But if I compare it to building a company, the quote “PM is CEO of the Product” jumps out of the window. Not to say Product Management is easy, but it is focussed, and especially when you have been like me, part of billion-dollar companies, where resources are not much to complain about, even though I always wished I had more designers and engineers.
But now I am working less on defining the product, but more things are to be taken care of like legal, investors, hiring team, talking to users, doing business deals with potential partners, even getting Wi-Fi/laptop arranged, setting up accounts, and the list goes on. Thank god I have a co-founder in this journey.
Someone over the weekend said, for you, it should be easier building Zeda.io since you have already built products, worked in startups, and managed people. I had a smile on my face, but deep inside I was screaming, if only I could vent out. But that is another thing about being the founder and CEO, you can’t rant anymore. So, I decided to write a blog to share some things I have learned so far on how Product Management and Entrepreneurship are different and similar-
Product, although one of the most important elements of the company, is still one part of the company. If you don’t have a great product, you are doomed to fail. But if you have a great product, it doesn’t mean you will succeed.
You understand the real cost and implications. How a product or feature is going to impact the business, company, and strategy becomes more important. Your cost of an engineer, designer, and marketer starts aligning with the product. In short, your product just doesn’t remain a thing you have to ship, but a ship which you have to sail.
You become more strategic in thinking and approach. Earlier, I used to have my product vision and product strategy in mind. So, my prioritization will be within features using the RICE framework. But now you have to think strategically in terms of company. Is this the feature which my users from a mature market like the USA want? If yes, then how should I prioritize against my requirement to be SOC2 compliant? These are two very different questions with different levels of context needed. Now I have to take the call.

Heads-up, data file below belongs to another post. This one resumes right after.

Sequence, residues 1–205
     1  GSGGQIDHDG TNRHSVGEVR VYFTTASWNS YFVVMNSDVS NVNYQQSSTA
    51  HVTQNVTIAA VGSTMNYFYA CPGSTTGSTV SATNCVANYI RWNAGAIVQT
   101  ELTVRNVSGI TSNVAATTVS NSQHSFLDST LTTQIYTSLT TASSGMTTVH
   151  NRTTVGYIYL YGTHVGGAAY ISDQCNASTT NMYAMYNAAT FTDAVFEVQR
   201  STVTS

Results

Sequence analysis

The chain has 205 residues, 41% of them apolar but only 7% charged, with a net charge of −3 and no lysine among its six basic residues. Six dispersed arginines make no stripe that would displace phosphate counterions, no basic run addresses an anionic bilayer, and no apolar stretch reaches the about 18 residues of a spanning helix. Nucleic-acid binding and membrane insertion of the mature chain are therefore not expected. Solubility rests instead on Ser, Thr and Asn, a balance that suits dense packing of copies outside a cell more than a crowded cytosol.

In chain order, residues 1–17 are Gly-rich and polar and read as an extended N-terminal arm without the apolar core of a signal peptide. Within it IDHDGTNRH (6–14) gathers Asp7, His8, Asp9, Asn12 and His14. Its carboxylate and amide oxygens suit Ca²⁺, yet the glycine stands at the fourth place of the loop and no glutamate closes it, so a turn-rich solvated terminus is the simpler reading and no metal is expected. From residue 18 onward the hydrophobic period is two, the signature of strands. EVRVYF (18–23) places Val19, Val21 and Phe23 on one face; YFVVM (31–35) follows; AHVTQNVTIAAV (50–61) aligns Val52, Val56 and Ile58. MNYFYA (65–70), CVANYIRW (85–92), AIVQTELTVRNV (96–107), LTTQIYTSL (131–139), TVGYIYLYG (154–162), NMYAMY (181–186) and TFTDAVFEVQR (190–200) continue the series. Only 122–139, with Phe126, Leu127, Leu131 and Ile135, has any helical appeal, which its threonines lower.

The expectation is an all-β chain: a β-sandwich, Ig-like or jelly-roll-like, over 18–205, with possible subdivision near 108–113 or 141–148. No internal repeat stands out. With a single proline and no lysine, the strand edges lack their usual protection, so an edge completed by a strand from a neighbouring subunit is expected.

You are now managing marketing plan, design sprint, hiring pipeline, engineering (though in my case @Vaibhav helps me with this), and product definitions. So, you are more empathetic towards various stakeholders. Basically, now you know how all the wheels work in motion to run the machinery called the company.
You become more mature. You are no longer involved in small talks/politics with your colleagues during coffee breaks. You start discussing the roadmap, the business plans, the future plans of the company. Furthermore, you know you are the founder, and each word coming out of your mouth has a lot more weight than just a PM, and thus you need to be careful.
You still have the Imposter Syndrome. People expect you to know stuff that you don’t know, and you have to just learn on the go. (FEMA/SHA/ODI, My investors will kill me if they got to know I had no idea about these terms till 2 months back.)
You still lead without authority, at least you should. Though now you have authority, it is still the best if people are working for the vision, users, and problem and not because you asked them to do something.
You still have to do a lot of context switching, and your mind may be into N different things at any point.
You still have to do stakeholder management, just that now your stakeholders include investors, business partners, and your company.
You still don’t have a good tool to manage your product. I am working on it at Zeda.io for this. Sorry for the product placement, but seriously I believe Zeda.io will be super helpful to entrepreneurs, to define, manage, and collaborate on their product all at one place. Making even the investor, user, and team onboarding calls super easy and smooth.
If you are an Entrepreneur or a PM, please do share any point if I may have missed or something you would like to add.
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I talk about PM, different cultures, philosophy, and lessons learned while building a startup (Zeda.io).